Reformation, like rehabilitation requires a rejection of the old ways and an adoption of a fresh philosophy. It is only through economic strife that we are able to force ourselves to change. We may yet realise that never-ending economic growth – artificially fuelled by borrowing – is the problem rather than the solution. Sustainable cycles require periods of lying fallow before fecundity can ensue. The credit crisis is a natural phenomenon and should not be feared; akin to a death-knell of a dark age which we foolishly thought was an era of enlightenment. In future decades, debt and interest may well be discarded with distaste and regarded as barbarous relics (Keynes’ description of gold). If western banks continue to dissolve then perhaps they can be bought at a large discount by Sovereign Wealth Funds. This would be a glorious opportunity to free future generations from the millstone of a mortgage, which entails paying back the original liability several times over. Instead of banks creating loans and receiving interest such Funds might lend capital then receive rental income and repayments. There is a subtle but significant difference here. While swapping debt for equity recycles the old surpluses, more importantly it curtails the creation of credit and hence inflation. It also halts the upward spiral of house prices for the benefit of future generations.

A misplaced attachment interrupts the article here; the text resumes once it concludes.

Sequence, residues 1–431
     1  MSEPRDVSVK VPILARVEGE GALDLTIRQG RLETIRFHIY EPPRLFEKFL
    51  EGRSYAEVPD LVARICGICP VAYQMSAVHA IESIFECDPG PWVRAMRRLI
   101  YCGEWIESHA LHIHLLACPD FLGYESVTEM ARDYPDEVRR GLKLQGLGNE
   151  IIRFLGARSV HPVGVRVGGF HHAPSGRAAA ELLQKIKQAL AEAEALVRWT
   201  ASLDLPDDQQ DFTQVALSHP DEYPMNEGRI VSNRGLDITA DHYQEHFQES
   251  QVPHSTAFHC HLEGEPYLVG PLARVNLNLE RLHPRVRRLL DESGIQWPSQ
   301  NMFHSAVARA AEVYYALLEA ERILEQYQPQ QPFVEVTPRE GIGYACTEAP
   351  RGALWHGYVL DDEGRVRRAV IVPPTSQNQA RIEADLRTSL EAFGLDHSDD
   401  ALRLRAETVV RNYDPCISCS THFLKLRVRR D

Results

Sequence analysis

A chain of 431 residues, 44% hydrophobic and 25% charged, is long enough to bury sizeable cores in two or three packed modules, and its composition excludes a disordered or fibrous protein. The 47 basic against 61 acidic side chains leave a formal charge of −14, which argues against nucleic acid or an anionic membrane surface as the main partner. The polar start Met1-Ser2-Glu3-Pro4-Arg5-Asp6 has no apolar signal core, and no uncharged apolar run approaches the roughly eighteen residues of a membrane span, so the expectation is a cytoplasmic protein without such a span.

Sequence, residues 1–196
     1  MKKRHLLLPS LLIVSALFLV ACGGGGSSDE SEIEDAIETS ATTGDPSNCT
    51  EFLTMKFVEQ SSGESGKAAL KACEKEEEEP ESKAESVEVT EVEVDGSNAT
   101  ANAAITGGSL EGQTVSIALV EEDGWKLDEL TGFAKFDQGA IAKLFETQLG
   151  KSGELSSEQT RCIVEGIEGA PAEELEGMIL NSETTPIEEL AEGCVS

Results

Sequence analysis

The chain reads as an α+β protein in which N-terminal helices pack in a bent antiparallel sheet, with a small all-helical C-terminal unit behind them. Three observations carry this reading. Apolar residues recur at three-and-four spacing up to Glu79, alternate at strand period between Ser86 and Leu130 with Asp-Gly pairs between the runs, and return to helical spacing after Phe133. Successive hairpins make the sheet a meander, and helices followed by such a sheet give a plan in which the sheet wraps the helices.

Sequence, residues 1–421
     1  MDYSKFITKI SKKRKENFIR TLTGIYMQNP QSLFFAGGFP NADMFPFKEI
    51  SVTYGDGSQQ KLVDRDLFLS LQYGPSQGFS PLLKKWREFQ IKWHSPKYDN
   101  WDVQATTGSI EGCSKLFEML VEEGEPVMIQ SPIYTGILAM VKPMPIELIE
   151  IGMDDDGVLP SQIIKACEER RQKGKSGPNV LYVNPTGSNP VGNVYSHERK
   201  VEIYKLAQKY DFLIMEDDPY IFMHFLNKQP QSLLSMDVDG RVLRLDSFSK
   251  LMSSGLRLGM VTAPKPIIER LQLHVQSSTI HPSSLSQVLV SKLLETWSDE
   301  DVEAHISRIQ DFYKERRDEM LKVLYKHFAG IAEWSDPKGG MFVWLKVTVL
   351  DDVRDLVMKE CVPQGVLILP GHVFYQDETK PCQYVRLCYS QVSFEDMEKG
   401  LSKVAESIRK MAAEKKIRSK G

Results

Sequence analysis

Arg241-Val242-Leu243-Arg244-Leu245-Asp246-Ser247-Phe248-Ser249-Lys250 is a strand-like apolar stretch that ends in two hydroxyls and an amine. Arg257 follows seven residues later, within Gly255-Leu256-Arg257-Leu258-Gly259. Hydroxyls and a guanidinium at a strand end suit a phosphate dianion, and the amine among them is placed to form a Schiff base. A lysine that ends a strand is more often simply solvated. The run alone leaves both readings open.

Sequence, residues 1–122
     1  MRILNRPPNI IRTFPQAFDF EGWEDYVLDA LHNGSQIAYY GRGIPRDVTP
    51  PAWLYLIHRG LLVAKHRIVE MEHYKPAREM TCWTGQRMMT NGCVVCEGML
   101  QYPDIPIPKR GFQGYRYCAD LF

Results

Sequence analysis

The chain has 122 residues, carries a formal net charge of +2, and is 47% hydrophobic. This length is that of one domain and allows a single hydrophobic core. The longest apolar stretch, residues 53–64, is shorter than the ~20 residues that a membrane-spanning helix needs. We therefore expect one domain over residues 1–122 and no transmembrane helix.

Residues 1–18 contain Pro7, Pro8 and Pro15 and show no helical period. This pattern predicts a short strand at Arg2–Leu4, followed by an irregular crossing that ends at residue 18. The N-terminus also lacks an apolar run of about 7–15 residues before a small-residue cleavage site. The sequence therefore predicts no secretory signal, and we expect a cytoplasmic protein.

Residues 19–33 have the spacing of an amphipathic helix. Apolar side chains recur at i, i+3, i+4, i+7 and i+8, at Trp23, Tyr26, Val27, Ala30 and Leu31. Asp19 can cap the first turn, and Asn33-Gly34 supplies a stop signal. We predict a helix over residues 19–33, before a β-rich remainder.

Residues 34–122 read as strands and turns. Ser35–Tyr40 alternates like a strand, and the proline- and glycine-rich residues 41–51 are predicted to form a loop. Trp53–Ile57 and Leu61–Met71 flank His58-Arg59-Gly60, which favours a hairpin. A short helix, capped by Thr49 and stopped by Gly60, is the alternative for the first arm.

Such radical ideas will no doubt be roundly condemned by critics who will inevitably find fault with novel ideas but debt-free funding already exists, in the form of Islamic Finance. We must instead make the mechanics of a process follow the philosophy rather than dictate it. Perhaps we will also see a much-needed return to principles so succinctly summed up by US President Thomas Jefferson ‘… we must not let our rulers load us with perpetual debt. We must make our selection between economy and liberty, or profusion and servitude’. Freedom from inflation is only possible once we understand that greater austerity is the price we must pay. The quest for consumerism has created enormous economic imbalances which have historically led to tensions and trade wars. Any reformation that breeds symmetry and sustainability can only be welcomed. The coming downturn will not only be an auspicious escape from a misguided course of action, but may well be a blessing in disguise for ourselves, our environment and for future generations.
Toby Birch March 2008